Heading to this Mindanaoan island province and exploring it stat is now possible with SkyJet’s direct Manila to Camiguin flights.
The buzz is true. If before you spend a whole day to get to Camiguin off Mindanao, blessed with white sandy beaches and marvelous diving, now it’s a mere over-an-hour’s flight—made possible with SkyJet Airlines’ launch of direct Manila to Camiguin flights on May 6, 2019.
And so we’ve surmised we’ve found for you your new Tagaytay, where you can escape the urban jungle on a Saturday, and be back the next day in time for you to get your @$s ready for work on Monday. Not that you cannot stay for three or so days.
Here’s a guide to enjoying the “Island Borne Off Fire” in 24 hours.
Day 1, 9:40am
Fly SkyJet Airlines from Manila to Camiguin. Take off from the Manila International Airport Terminal 4 at 9:40am. You’ll touch down at Camiguin Airport at about 11am. SkyJet flies directly from Manila to Camiguin five times daily except on Wednesdays and Thursdays.
Grab lunch at the institution located right across the airport: La Dolce Vita, an authentic Italian restaurant, which has been around for over a decade. Its brick oven churns out delectable pizzas; and here you can have wonderful traditional carbonara. After lunch, linger for a cup of cappuccino.
Check-in at your hotel of choice. If you’re a group of friends or a small family with kids in tow looking for for-sharing villas or an apartment-style place for the night, you won’t go wrong with Paraiso Resort & Apartelle. It checks all the basics. Clean; with kitchen where you can shop and cook and dine in if you feel like staying in; has a waterpark for some night swimming; and features an open air restaurant-bar open until 11pm—handy to those who come looking for a night cap. Best of all, it’s centrally located—five minutes’ ride from the airport, and it’s jump off point to Camiguin’s many unique attractions.
Top tier option, fronting White Island: Paras Beach Resort.
Smother your skin with sunblock and get things rolling. First stop is White Island, a pristine permanently-exposed sandbar that’s as gorgeous in person as it is on anyone’s IG feed. It’s serpentine shape changes depending on the tide, but this is not why it’s amazing. Its claim to fame are its shallow waters that are so clear they glisten in the sunlight, and the picturesque Mt Hibok-Hibok as its backdrop. I say make this your first stop because once you wade into the water, you’d surely stay for a while.
Get there. A 10-minute habal-halab (local motorcycle) ride from the airport to Yumbing jetty where there are boats that will take you across to the sandbar in less than five minutes.
Eleven minutes’ ride and you’re at the view deck of the Old Volcano, officially, Mt. Vulcan. The massive land form’s nickname does not literally translate for it’s more like an offspring of Mt Hibok-Hibok, says our tour guide. There’s probably nothing significant in the stop—but I had my photo taken anyhow—until you actually hike up the steps of the walkway. As your heart pound, and your knees weaken, you get awestruck by white life-size figures depicting the Stations of the Cross.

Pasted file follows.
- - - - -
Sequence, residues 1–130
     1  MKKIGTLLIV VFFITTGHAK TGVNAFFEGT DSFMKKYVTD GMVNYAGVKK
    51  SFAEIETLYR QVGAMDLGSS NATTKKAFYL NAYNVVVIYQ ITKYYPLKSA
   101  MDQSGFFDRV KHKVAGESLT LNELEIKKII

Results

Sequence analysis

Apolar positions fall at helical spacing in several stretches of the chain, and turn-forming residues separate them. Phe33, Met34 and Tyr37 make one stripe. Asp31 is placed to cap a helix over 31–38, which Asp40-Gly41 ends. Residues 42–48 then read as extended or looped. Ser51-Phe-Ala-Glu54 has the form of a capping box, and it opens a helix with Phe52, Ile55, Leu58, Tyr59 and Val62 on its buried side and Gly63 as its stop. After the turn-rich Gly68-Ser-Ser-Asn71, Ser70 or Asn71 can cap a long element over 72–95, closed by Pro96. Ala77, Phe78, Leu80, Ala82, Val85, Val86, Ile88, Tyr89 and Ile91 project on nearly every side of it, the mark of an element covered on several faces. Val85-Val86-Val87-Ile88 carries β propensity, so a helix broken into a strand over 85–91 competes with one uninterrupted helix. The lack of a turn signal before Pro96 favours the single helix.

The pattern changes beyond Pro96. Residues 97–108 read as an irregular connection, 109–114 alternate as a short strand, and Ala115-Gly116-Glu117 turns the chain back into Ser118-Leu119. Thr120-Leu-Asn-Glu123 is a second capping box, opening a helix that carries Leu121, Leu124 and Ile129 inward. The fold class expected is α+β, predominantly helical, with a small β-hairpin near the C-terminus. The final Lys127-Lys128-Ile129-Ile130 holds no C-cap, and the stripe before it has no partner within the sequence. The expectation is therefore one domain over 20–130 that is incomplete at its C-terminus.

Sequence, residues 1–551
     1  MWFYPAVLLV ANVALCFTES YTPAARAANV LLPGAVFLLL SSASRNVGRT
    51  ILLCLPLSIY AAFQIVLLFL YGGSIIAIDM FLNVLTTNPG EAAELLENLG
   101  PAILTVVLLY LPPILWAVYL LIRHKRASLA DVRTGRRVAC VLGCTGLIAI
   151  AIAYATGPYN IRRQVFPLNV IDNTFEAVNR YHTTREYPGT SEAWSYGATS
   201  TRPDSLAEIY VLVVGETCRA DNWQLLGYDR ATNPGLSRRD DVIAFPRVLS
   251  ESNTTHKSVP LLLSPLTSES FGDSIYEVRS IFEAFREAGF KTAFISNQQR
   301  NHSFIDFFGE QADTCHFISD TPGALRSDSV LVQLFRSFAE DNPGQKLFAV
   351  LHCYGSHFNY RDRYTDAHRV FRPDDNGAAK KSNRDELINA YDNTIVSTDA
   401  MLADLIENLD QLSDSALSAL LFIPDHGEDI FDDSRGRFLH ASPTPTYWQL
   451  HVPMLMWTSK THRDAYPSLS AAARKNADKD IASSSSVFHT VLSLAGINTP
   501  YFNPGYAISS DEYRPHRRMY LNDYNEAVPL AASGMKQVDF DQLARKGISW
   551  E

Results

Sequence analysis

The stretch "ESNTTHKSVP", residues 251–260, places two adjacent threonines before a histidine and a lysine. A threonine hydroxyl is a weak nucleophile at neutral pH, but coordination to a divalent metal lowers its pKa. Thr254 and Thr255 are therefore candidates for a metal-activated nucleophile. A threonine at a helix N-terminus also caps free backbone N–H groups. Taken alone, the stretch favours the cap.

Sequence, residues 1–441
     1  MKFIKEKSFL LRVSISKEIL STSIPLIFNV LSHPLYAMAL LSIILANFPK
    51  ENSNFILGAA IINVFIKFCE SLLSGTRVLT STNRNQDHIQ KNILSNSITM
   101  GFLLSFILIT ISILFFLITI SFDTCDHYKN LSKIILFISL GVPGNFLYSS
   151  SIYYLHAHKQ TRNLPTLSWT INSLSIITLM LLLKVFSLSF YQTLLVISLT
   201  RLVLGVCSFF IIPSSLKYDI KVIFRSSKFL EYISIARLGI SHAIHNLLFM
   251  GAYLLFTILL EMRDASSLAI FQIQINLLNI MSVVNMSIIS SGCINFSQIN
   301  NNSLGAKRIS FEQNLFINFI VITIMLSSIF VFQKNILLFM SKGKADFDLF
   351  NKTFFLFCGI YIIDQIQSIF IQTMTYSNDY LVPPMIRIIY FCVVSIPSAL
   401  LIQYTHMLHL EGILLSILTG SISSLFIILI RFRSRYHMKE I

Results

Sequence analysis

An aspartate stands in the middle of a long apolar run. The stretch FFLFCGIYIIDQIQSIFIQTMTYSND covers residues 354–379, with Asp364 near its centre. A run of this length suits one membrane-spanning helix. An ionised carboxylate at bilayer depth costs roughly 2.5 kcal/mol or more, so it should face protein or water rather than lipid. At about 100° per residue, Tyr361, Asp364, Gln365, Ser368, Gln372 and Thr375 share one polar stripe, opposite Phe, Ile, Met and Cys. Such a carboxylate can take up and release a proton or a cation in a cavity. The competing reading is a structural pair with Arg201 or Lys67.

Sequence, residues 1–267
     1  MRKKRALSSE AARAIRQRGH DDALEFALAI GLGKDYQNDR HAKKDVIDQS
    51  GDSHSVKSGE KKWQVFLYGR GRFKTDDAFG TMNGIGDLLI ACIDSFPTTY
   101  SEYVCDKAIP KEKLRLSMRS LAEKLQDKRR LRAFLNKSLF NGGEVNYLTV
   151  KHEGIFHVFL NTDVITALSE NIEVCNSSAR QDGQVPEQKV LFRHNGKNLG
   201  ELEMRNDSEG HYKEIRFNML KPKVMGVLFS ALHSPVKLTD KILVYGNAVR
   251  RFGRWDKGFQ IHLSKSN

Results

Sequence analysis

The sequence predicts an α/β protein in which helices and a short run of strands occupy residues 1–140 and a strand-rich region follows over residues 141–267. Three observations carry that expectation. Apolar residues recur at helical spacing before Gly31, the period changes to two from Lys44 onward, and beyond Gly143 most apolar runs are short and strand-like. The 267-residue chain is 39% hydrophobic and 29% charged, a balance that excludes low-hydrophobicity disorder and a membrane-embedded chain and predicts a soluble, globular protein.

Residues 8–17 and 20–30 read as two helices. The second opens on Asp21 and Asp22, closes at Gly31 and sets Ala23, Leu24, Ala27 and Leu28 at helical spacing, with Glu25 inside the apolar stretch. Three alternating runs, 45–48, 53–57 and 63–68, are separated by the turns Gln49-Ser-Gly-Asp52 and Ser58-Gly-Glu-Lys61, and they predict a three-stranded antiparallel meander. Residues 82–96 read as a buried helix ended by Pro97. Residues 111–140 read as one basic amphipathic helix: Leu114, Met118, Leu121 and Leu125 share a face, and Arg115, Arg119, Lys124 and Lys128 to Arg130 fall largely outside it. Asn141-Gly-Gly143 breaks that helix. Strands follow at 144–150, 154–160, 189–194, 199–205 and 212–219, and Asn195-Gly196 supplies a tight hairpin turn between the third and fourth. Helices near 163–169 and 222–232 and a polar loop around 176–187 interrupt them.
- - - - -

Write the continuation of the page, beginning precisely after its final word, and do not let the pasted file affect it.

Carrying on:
After a few snaps, a short ride will lead you to the Old Spanish Church Ruins. What’s left of the church is nothing but walls enveloping the ground, and old trees creating a canopy. The Guiob Church was built in the 16th century and over a hundred years later a massive earthquake cueing Mt. Vulcan’s eruption shook the island and knocked the sanctuary down. It makes for a pleasant stop for Catholic devotees who can light a candle and say a prayer.
The Sunken Cemetery is another casualty of Mt. Vulcan’s eruption in the 1870s but it has ironically turned into a remarkable Camiguin landmark, luring travelers from all over the globe to catch sight of it. It’s best viewed at sunset—and while there’s that feeling of loneliness crossing over eeriness when you visit especially at this time of the day—it will be a shame to leave the island without having set foot at the place. Small boats can take you to the giant cross and hang out for a while at its deck. The more adventurous take the plunge to see the gravestones underwater up close.
Ardent Hot Springs’ warm waters are the perfect ender to a long day out in the sun what with its tiers of 35- and 40-degree Celcius waters. The four cascades filled with naturally heated waters are a balm to sore muscles, and a calming way to cap your active day.
Day 2, 8am
Breakfasts are simple a la carte meals at Paraiso Resort. A must are local fruits for they’re typically sweet, and if the ber months have commenced, never miss out on the lanzones, cluster of small yellow fruits with juicy translucent meat on the inside. The best kind of lanzones grows in Camiguin. In October, the streets of the main highway get filled with peddlers selling the tropical fruit.
Once your bags are packed and you’re ready to go, stop by Vjandep Bakeshop on Plaridel Street en route to the airport to buy Camiguin’s coveted pasalubong: Vjandep’s Pastel, a brand of locally made buns filled with yema (sweet soft custard). Any which way you eat it—as a snack or dessert—will make you forget you have a plane to catch. If you miss the stopover, the airport has a stall selling these goodies. Only the bakery though sells different flavored Pastels.
Check-in at Camiguin Airport, in time for SkyJet’s 11am flight bound for Manila.
Book direct flights between Manila and Camiguin five times weekly with Skyjet Airlines (SkyJetAirlines.com).
Words & photos by Monica De Leon